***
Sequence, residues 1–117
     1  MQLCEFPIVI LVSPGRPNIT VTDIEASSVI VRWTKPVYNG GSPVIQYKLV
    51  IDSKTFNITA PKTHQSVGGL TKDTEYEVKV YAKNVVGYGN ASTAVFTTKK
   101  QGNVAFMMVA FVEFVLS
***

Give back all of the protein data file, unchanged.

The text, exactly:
Sequence, residues 1–117
     1  MQLCEFPIVI LVSPGRPNIT VTDIEASSVI VRWTKPVYNG GSPVIQYKLV
    51  IDSKTFNITA PKTHQSVGGL TKDTEYEVKV YAKNVVGYGN ASTAVFTTKK
   101  QGNVAFMMVA FVEFVLS